SA's mental health services inadequately resourced - Motsoaledi

Thursday, April 12, 2012
By: 
Gabi Khumalo

Pretoria - Health Minister Dr Aaron Motsoaledi has acknowledged that mental health services have and continue to be inequitably distributed, fragmented and inadequately resourced and characterised by significant provincial variability in South Africa.

"The results of the 2008 survey by the College of Medicine show that in the public sector, in Mpumalanga province, there was one psychiatrist and 111 in Gauteng, out of a total of 302 public sector psychiatrists.

"We know that there continues to be over-reliance on psychiatric hospitals as the mode to care, treatment and rehabilitation, we followed colonial practices and adopted a hospi-centric approach and neglected the critical aspects of primary health care," said the minister at a two-day National Mental Health Summit in Pretoria on Thursday.

He said it was an offence against the Constitution and against human rights to neglect the worst off in a society.

"... because of their condition, mental health care users are often 'voiceless' and it is critical that we both give this group the space to voice their needs and then respond appropriately through including mental health in all health plans and programmes," Motsoaledi said.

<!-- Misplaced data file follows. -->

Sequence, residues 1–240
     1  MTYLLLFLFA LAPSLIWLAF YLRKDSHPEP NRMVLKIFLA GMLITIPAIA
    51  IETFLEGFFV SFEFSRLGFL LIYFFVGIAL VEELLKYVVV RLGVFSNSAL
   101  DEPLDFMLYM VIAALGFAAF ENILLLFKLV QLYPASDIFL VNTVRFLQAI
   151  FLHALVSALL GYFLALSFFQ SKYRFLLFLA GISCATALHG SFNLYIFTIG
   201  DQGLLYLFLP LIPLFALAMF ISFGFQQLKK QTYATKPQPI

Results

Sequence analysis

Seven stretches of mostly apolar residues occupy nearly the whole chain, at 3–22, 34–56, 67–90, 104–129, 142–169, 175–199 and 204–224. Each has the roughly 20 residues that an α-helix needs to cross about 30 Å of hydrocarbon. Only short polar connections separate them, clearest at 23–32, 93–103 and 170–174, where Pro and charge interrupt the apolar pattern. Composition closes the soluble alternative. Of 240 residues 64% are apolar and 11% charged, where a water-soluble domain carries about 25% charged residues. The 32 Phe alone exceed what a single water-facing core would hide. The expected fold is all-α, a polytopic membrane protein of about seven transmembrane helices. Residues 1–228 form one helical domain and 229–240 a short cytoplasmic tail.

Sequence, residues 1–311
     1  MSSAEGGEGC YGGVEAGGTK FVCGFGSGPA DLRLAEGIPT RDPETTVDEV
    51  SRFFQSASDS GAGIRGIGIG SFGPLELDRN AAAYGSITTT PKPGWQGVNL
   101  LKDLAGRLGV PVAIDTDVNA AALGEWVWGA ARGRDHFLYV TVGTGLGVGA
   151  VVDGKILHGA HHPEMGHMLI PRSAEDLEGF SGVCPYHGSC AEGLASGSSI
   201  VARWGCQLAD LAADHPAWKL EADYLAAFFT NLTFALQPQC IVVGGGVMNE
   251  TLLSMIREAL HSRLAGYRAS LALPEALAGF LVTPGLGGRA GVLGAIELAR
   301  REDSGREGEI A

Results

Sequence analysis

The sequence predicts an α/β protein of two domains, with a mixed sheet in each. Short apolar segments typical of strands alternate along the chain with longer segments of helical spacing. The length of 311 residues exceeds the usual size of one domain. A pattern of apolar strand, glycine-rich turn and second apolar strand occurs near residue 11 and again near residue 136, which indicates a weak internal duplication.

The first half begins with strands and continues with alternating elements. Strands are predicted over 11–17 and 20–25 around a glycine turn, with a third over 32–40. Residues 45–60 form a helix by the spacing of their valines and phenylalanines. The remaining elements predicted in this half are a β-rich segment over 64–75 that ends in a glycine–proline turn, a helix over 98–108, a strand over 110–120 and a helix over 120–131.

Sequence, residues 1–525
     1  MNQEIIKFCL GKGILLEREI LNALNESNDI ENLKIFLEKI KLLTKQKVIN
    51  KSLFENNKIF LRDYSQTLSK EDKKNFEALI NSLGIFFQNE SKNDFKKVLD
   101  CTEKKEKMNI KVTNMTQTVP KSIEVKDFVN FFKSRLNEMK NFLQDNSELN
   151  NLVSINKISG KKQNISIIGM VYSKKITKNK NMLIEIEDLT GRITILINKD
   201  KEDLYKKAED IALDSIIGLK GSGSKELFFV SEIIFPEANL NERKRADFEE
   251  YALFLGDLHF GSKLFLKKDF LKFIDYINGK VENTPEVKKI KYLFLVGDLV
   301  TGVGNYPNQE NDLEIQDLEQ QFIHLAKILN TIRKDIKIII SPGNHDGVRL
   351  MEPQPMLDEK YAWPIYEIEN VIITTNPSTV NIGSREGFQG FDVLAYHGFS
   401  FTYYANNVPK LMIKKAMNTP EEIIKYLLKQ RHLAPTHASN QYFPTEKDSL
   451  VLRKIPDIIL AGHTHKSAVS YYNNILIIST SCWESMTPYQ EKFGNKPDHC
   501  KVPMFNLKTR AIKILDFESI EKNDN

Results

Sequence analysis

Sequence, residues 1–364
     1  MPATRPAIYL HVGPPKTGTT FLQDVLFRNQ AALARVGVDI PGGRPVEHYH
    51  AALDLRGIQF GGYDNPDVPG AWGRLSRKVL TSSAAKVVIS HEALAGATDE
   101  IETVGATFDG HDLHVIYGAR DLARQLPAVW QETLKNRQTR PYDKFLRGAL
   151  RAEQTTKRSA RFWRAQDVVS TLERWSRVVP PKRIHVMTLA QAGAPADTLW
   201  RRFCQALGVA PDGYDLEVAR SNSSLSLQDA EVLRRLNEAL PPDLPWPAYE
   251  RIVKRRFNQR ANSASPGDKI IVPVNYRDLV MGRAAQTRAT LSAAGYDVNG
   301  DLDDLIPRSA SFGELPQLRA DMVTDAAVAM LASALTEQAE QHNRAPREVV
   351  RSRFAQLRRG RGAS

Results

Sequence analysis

According to the South African Stress and Health Survey (SASH), only one in four of people with a mental disorder had obtained some form of treatment; this is in line with the World Health Organization (WHO) surveys that show that between 76 percent and 85 percent of people with severe mental disorders in low and middle income countries receive no treatment.

Motsoaledi stressed that resource, infrastructure and social mobilisation plans and employment targets must take mental health issues into consideration.

He challenged the summit to propose clear targets on the different categories of mental health human resources to be produced by 2016/17, which should include bringing back the post-basic psychiatric course, which was done away with.

"To meet the need, we must increase the production and employment of other mental health professional categories too. At the same time, we must ensure that mental health does not become the sole domain of dedicated mental health practitioners but that mental health becomes integral to the training of all health professionals, especially those that work in primary health care services.

"We need to scale up investment on our community-based mental health services and reverse the trend of institutionalised care. We must examine how mental health will be integrated into general health care and particularly into primary health care."

High levels of mental illness have been found to co-occur with infectious diseases such as HIV and Tuberculosis as well as non-communicable diseases such as cancers, cardiovascular disease and diabetes mellitus among others.

Mental illnesses are medical conditions that disrupt a person's thinking, feeling, mood and ability to relate with others, resulting in a diminished capacity for coping with ordinary demands of life.